Since my whole medical history has made it into this 9-year-old blog, or however old it is, why not my disgusting guts history?

I was on blood thinners, bled, and had to have a colonoscopy, which of course requires you not be on blood thinners or that they be neutralized.

I spent a night in Hell, I mean the hospital, trying to "cleanse" and neutralize the thinners. The colonoscopy could not be completed--took a wrong turn or something. I have given up.

Joseph Walker, WSJ, June 9, 2014, says 28% of people from 50 to 74 have never been tested, even though 76% are insured (this test is scary expensive).

The cleanse, the yuk factor, the embarrassment, fear of anesthesia, who knows...It is invasive.

So they tried to make it less so with a computerized one--no tube all the way "up." But if "something" is found--then you get the whole ride.

Also--those stool tests the doc hands out.

Now they are trying a giant pill with a camera for people with complete tests--750,000 a year of those.

Find anything--still get the tube.

They are also talking about a home DNA test to look for some marker. Then what? The tube?

As a responsible health care reporter--I am supposed to tell you to get this. So your course is clear.

Friday, July 11, 2014

Do we need more "old people" doctors?

Geriatricians--these are medical doctors with advanced training in taking care of people over 65--with their multiple ailments, multiple meds, rambling descriptions, many specialists.

By 2030, according to a story by Barbara Sadick (WSJ, June 9, 2014), one in five Americans will be over 65. That's 70 million!

Yet, last year, there were 797 fellowships in cardiovascular and 125 in geriatrics. The latter is not growing in popularity among docs.

Office visits for older people run longer as a rule, they docs only get paid fee for service (Medicare). Often there are no cures--just ways to make people more comfortable.

Still, four heavyweight med schools joined forces in 2004 to provided more geriatric training. They like a holistic approach--physical, psychological, economic, social, nutritional.

When my mother was alive, she had a Medicare HMO that had no--ZERO--geriatricians on the roster. A plan for old people with no doctors trained in old people.

But do we need them to be? Maybe a little more patience, a constant monitoring of the nutty overprescribing of meds, and minimization of the running around and getting tests routine.

Now, I am old, too--and am often irked by doctors rushing me, cutting me off, patronizing me, and calling me "youngster." That is the worst.

I have pretty good luck asking them what would they advise if I were their mother. Try it.

Thursday, July 10, 2014

Zzzzzz

Crummy economy, crazy govt, global hot or is it cold, tots crying to get into the country, terrorists--having any trouble sleeping?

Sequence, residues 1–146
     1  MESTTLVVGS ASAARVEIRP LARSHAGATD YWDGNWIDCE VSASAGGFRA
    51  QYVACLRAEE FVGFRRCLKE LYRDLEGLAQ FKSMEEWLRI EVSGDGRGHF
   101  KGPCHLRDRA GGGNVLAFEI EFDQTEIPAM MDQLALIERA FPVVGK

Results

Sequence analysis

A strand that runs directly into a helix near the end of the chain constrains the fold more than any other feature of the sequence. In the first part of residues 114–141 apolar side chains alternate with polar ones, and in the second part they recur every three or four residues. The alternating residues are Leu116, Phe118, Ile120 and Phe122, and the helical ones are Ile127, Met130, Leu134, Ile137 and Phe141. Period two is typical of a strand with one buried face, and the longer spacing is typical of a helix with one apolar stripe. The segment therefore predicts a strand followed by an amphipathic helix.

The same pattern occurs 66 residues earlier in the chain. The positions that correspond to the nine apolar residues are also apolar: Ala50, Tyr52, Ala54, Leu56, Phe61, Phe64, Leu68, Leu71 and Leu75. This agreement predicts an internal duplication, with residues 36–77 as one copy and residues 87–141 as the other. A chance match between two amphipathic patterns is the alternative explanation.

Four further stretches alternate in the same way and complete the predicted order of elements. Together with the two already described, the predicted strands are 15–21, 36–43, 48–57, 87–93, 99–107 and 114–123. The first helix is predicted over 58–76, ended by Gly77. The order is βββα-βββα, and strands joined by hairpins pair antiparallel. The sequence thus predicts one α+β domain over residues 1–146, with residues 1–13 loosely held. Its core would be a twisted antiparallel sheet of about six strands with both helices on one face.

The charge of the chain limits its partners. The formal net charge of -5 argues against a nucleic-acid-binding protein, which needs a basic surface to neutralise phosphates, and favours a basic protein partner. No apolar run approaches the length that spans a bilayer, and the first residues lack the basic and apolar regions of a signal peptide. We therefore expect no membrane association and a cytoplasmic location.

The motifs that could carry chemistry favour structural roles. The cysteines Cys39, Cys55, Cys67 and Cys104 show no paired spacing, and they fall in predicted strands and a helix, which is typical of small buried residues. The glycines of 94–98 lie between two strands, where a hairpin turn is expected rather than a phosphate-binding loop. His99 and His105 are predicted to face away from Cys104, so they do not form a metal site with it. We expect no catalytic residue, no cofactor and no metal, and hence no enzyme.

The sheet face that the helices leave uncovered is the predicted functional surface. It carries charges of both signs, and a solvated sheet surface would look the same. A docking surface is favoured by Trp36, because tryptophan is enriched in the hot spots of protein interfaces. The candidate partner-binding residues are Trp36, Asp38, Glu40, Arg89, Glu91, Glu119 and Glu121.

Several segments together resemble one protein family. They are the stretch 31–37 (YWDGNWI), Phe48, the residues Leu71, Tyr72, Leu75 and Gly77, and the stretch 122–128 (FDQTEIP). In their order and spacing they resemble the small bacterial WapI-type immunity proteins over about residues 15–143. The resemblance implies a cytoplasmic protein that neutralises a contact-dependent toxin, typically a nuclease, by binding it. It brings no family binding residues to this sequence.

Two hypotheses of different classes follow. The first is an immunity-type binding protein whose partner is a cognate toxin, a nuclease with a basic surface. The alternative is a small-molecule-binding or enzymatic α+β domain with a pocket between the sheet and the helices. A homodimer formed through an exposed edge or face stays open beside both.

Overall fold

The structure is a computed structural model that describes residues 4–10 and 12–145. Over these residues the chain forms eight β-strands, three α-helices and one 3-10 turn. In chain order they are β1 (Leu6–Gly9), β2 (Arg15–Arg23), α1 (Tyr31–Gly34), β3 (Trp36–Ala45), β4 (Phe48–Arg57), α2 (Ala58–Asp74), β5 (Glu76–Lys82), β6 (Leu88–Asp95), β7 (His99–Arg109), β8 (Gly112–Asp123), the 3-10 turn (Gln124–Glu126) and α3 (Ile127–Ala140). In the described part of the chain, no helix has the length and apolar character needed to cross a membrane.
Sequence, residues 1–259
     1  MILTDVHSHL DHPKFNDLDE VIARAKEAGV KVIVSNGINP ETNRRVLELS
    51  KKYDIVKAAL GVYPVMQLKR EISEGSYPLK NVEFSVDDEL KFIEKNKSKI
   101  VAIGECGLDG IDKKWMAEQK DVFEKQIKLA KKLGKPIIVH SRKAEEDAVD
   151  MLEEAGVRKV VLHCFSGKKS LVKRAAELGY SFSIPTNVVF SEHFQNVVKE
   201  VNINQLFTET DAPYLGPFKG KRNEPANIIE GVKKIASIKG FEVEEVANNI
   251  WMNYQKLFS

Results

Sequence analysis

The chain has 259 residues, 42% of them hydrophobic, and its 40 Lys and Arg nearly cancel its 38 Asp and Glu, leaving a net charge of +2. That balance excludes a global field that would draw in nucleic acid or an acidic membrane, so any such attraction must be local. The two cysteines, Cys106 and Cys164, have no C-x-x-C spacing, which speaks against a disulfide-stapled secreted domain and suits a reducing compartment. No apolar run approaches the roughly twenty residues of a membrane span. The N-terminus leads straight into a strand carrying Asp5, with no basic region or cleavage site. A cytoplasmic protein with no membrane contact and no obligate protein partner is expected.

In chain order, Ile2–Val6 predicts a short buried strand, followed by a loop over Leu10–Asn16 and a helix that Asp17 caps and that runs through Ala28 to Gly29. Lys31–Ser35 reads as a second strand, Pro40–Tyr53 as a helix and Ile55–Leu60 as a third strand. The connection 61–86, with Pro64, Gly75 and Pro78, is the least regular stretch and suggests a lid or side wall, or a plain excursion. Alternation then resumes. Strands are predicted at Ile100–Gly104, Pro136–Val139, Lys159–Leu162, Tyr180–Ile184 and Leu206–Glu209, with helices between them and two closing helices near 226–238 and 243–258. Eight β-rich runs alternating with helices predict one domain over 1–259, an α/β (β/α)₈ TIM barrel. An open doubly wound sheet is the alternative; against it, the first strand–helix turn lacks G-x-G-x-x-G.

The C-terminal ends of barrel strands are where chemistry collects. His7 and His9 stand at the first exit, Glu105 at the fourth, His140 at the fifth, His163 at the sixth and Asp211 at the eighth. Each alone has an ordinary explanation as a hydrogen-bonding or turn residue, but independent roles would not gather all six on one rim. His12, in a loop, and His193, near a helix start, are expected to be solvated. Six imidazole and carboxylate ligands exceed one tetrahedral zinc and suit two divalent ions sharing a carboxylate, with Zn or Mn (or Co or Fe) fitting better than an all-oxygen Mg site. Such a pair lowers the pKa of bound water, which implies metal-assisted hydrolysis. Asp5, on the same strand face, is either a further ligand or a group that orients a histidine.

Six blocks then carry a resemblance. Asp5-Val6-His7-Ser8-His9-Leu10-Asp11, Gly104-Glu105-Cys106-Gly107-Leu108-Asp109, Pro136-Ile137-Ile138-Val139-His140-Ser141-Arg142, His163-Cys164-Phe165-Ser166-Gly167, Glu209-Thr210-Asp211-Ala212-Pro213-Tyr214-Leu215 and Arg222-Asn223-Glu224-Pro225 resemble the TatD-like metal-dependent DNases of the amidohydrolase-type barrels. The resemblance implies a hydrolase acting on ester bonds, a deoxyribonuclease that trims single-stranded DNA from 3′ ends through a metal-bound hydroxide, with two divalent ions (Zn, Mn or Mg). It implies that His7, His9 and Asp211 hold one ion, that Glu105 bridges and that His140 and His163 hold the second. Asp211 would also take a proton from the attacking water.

For 60 million Americans sleepless nights are a regular problem. This can lead to irritability, bad performance, or health problems. Insomnia is not just trouble falling asleep, but also trouble staying asleep, or falling back to sleep. It's chronic if it happens three nites a week for three mos.

Dr Larisa Wainer, Morris Psychological Group in Parsnippany NJ, has some dos and don'ts.

DO

Keep a schedule--go to bed at the about the same time, same for waking. This includes weekends.

Wind down for 30 mins. Keep the room cool and dark. No electronics.

If you start worrying, jot down what you are thinking. This sort of "takes care" of it.

DON'T

Drink caffeine or alcohol in the latter part of the day. Same for a heavy meal.

Don't clockwatch. If you are lying there awake for 20 mins, get up and do something else.

Also--I have a Teddy bear. Maybe it's just me. But he's a pretty effective anti-terrorist device.

Wednesday, July 09, 2014

Want to mini-size that?

Anne Gasparro and Julie Jargon, WSJ, June 25, 2014, talk about portions. But what about people for whom a portion is all the food on the plate? Or people who don't stop until the food is gone?

There used to be talk of obese people having a wacky satiety point--they never feel full. You don't hear that much anymore.

Restaurants go up in portions--supersize--and down--100 calorie packages.

Potato chips are now in 100 calorie packs. That seems wrong somehow. Even the Cheesecake Factory has Skinnylicious portions. Stop--my head is exploding!

Does having to open another 100-cal pack make the person think the food is "gone"? Not always.

A value menu burger (almost a slider) is alongside a triple burger tower.

I actually think a prepackaged smaller portion can cut intake--mainly because we are too lazy to get up and grab another one.

Will this make the weight fall off? Does it ever?

Tuesday, July 08, 2014

It's a jungle out there

I happened on a show about retired soccer great (and hunk) David Beckham taking a trip to the Amazon basin to ride motorcycles in the mud and see what he could see on land and on the river.

He came across as a pretty adaptive guy getting into the grunge and not too metrosexual. Some natives tried to rub off his tatts (he has two sleeves), which was amusing. He also tried to describe to one man what he "did"--and had to explain soccer. The guy was not too enthralled. Was this a game?